6to4 relay routers function as endpoints for tunnels from 6to4 routers that need to communicate with native IPv6, non-6to4 networks. Relay routers are essentially bridges between the 6to4 site and native IPv6 sites. Because this solution might be insecure, by default, Oracle Solaris does not enable 6to4 relay router support. However, if your site requires such a tunnel, you can use the 6to4relay command to enable the following tunneling scenario.
In Figure 11–7, 6to4 Site A needs to communicate with a node at the native IPv6 Site B. The figure shows the path of traffic from Site A onto a 6to4 tunnel over an IPv4 network. The tunnel has 6to4 Router A and a 6to4 relay router as its endpoints. Beyond the 6to4 relay router is the IPv6 network, to which IPv6 Site B is connected.
This section describes the flow of packets from a 6to4 site to a native IPv6 site. This scenario uses the topology that is shown in Figure 11–7.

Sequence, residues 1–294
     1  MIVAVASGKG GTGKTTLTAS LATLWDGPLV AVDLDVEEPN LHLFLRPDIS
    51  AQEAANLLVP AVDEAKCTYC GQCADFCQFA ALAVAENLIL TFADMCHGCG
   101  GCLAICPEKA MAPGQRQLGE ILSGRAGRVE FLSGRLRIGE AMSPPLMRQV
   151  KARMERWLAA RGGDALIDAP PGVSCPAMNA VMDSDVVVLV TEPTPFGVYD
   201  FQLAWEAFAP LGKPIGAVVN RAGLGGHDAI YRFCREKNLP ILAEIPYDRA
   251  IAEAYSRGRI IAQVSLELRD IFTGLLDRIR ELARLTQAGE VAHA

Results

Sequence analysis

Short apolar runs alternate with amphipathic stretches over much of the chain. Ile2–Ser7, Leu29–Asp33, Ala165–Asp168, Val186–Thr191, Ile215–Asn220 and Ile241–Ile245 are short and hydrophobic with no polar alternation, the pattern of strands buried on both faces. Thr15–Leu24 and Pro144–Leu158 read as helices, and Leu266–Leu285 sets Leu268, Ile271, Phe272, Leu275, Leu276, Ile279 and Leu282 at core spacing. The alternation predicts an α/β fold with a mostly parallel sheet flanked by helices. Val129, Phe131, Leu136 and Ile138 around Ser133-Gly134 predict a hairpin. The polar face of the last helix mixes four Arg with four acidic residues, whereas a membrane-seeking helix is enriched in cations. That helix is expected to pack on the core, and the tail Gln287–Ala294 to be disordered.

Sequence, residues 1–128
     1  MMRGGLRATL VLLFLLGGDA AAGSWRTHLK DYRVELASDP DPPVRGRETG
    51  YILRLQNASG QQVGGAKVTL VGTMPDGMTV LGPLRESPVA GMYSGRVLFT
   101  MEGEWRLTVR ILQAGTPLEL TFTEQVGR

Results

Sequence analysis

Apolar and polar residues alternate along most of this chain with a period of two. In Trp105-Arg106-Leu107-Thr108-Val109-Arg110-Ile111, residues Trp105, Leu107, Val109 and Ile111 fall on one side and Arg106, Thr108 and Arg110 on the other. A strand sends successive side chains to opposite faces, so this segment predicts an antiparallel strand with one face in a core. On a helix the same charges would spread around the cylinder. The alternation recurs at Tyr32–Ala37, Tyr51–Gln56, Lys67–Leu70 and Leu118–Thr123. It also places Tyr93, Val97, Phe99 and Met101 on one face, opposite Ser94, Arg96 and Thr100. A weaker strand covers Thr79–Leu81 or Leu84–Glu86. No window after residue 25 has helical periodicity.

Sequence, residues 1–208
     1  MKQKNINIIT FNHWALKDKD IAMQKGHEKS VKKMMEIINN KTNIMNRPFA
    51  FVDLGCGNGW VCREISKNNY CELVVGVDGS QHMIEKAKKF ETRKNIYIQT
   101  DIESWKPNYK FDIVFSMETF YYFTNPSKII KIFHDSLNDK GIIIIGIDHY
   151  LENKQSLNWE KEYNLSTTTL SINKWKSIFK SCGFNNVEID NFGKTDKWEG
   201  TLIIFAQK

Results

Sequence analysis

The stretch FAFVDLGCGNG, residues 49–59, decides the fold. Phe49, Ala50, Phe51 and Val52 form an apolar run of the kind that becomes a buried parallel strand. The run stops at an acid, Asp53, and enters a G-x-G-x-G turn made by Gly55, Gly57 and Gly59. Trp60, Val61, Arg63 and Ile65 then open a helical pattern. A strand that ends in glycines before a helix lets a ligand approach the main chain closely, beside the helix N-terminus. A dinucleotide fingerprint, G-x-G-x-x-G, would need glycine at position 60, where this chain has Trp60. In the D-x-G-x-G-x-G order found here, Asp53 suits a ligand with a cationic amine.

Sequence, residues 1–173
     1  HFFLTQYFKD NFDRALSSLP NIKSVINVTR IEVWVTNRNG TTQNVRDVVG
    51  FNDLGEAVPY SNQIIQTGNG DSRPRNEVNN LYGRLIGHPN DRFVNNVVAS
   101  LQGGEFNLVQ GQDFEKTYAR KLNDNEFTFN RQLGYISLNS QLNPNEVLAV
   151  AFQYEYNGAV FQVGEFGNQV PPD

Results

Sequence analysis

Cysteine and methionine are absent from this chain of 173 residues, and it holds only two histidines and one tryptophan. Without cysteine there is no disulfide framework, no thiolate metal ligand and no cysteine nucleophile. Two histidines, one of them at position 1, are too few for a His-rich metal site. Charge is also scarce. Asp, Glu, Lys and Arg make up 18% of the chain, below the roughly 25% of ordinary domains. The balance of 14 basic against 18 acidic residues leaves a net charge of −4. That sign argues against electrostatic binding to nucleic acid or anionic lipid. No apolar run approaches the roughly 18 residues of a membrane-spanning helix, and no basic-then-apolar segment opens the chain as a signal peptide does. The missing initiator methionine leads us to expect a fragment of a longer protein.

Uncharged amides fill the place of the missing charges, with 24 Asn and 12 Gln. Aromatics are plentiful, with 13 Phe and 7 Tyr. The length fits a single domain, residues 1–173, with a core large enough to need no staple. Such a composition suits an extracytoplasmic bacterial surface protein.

A host on 6to4 Site A sends a transmission that specifies as the destination a host at native IPv6 Site B. Each packet header has a 6to4-derived address as its source address. The destination address is a standard IPv6 address.
Site A's 6to4 router encapsulates each packet within an IPv4 header, which has the IPv4 address of the 6to4 relay router as its destination. The 6to4 router uses standard IPv4 routing procedures to forward the packet over the IPv4 network. Any IPv4 routers that the packets encounter forward the packets to the 6to4 relay router.
The physically closest anycast 6to4 relay router to Site A retrieves the packets that are destined for the 18.104.22.168 anycast group.
6to4 relay routers that are part of the 6to4 relay router anycast group have the IP address 22.214.171.124. This anycast address is the default address for 6to4 relay routers. If you need to use a specific 6to4 relay router, you can override the default and specify that router's IPv4 address.
The relay router decapsulates the IPv4 header from the 6to4 packets, revealing the native IPv6 destination address.
The relay router then sends the now IPv6-only packets onto the IPv6 network, where the packets are ultimately retrieved by a router at Site B. The router then forwards the packets to the destination IPv6 node.